Inflammation is a reaction of tissue to irritation, injury, or infection. Symptoms of inflammation include pain, swelling, red coloration to the area, and sometimes loss of movement or function. We commonly think of inflammation as the painful component of arthritis. Can the foods you eat have an impact on inflammation? Some experts believe it’s possible.
Foods To Avoid
Loading up on junk foods, high-fat meats, sugar, and highly processed foods may increase the potential for inflammation in your body. Reduce your consumption of trans fats and saturated fats by cutting back on highly processed foods, red meats, and high-fat processed meats such as bacon and sausage. Cut back on refined white flours in bread and pasta (look for 100% whole-grains instead). Eliminate added sugars by decreasing your consumption of sugary sodas, pastries, candy, rich desserts, and pre-sweetened cereals.
Another possible source of irritation comes from the nightshade family of plants, which includes potatoes, tomatoes, and eggplant. These vegetables contain a chemical alkaloid called solanine, which can trigger pain in some people. While there aren’t any formal research findings that back the claim about nightshade plants, some people do believe they get relief from the symptoms of pain and inflammation when they eliminate them.
Choosing Anti-Inflammatory Foods
Fats and Oils. Omega-3 fatty acids are found in cold-water oily fish, flax seeds, canola oil and pumpkin seeds. Consumption of monounsaturated fats found in olive oil, avocado and nuts has been linked to reduced risk of cardiovascular disease. Other healthful oils include rice bran oil, grape seed oil, and walnut oil.
Fruits and Vegetables. Whole fruits, berries and vegetables are rich in vitamins, minerals, fiber, antioxidants and phytohemicals. Choose green and brightly colored vegetables, and whole fruits. You should eat at least five (and preferably more) servings of fruits and vegetables each day.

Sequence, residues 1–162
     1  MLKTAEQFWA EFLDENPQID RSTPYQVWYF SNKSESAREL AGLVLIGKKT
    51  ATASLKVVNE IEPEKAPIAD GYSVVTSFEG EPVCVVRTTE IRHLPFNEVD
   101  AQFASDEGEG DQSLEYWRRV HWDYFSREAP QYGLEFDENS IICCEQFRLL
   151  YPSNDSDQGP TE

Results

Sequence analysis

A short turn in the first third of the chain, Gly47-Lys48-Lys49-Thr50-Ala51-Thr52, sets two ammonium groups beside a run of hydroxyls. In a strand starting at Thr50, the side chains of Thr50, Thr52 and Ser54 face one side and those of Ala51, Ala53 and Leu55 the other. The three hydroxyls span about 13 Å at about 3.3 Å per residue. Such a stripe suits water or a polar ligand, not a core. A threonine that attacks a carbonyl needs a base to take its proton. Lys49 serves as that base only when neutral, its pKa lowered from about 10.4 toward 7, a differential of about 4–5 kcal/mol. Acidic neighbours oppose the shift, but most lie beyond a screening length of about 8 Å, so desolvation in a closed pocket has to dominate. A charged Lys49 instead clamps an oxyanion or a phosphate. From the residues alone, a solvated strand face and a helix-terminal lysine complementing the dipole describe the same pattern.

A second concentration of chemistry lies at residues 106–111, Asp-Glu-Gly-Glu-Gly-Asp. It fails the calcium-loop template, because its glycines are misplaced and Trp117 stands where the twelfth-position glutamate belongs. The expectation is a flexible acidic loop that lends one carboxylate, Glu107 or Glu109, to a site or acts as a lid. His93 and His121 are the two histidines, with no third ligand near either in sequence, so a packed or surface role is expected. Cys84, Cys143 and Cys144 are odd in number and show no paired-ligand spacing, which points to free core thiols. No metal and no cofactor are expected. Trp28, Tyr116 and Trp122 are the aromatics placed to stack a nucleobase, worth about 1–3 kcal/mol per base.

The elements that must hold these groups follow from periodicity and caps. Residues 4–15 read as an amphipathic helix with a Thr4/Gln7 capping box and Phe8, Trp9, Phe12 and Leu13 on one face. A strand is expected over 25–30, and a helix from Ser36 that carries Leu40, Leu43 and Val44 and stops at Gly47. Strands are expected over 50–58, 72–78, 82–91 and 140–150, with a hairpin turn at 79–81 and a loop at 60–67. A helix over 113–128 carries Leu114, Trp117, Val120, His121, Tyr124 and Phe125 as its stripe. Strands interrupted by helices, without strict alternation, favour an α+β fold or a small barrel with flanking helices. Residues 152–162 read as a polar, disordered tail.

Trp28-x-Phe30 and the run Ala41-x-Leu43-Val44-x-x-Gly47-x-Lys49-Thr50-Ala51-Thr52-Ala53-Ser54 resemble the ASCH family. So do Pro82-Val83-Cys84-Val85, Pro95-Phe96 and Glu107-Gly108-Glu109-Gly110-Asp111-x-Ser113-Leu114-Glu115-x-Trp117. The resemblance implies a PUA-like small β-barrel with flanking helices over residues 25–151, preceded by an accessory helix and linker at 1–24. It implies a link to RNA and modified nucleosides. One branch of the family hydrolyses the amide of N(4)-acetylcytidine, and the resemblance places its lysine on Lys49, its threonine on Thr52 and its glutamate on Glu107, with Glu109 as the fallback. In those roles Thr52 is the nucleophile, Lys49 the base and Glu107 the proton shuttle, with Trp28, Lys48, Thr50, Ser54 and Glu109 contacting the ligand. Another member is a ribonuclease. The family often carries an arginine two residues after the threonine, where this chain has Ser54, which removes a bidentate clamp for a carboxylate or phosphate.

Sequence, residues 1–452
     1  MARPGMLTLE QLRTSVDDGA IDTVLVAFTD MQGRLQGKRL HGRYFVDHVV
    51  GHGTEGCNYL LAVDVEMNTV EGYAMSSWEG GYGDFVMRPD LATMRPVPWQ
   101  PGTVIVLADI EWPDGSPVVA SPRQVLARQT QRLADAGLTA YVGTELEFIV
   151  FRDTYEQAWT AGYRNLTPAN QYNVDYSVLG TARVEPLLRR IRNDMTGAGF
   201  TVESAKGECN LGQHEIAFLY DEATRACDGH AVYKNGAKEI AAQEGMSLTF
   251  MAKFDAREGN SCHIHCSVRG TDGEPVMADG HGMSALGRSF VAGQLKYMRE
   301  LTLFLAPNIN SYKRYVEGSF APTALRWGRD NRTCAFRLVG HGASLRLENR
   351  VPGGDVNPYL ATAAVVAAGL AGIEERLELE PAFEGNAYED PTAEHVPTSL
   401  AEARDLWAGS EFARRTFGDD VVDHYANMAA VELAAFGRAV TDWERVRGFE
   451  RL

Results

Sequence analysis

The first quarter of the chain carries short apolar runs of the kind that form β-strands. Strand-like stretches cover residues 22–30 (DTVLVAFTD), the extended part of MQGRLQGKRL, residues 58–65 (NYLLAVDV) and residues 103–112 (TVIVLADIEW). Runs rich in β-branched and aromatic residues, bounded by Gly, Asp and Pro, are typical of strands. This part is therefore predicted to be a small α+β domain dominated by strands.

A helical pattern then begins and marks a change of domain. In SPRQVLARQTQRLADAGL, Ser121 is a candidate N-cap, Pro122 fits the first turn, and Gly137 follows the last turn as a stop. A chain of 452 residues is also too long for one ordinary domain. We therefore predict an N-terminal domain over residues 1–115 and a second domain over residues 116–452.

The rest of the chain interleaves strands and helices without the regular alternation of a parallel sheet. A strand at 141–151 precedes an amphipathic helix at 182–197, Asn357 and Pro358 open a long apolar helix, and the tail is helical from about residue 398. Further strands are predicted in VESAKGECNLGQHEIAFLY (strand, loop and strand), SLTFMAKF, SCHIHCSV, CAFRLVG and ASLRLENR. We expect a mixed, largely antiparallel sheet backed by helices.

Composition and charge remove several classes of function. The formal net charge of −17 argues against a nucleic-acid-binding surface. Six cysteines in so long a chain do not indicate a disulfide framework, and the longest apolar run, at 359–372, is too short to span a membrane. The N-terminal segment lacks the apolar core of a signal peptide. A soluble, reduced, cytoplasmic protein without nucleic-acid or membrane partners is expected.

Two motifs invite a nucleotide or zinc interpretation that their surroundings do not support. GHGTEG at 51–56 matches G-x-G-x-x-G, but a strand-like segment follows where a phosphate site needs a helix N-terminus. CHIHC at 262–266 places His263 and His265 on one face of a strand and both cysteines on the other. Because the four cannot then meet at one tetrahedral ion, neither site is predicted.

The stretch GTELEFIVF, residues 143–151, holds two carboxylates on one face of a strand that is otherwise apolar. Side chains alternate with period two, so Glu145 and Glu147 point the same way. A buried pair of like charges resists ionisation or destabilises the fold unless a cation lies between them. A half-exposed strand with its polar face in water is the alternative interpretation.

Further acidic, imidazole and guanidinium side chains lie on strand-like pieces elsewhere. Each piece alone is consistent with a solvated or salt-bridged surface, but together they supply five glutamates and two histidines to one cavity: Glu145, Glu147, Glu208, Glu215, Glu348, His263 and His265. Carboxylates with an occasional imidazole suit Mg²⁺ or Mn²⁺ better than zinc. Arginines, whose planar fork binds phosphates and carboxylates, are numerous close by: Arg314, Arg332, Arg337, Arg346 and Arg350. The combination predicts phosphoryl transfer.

Protein Sources. Possible anti-inflammatory protein sources include lean poultry, fish and seafood (fatty fish offer protein as well as omega-3 fatty acids). Soy and soy foods such as tofu and tempeh, along with other legumes, can be used as plant-based protein sources.
Beverages. Your body needs water. Drink tap, sparkling or bottled water, 100% fruit juice, herbal tea, low-sodium vegetable juice and low- or non-fat milk.
Anti-inflammatory Diet Tips
When you are choosing anti-inflammatory foods, choose fresh foods instead of heavily processed foods. Here are some tips:
- For breakfast, try oatmeal served with fresh berries and walnuts.
- Snack on whole fruits, nuts, seeds, and fresh vegetables instead of cookies and candy.
- Eat more fish and less fatty red meat.
- Cook with olive oil and canola oil.
- Try a tofu stir-fry or scramble.
- Have a salad with lots of fresh vegetables as your meal.
- Stay away from deep-fried foods; bake, broil, poach or stir-fry instead.
- Choose dark green or brightly colored vegetables as side dishes — they should fill half your dinner plate.
- Drink water, non-fat milk, 100% fruit and vegetable juices, herbal and green tea instead of sugary sodas and soft drinks.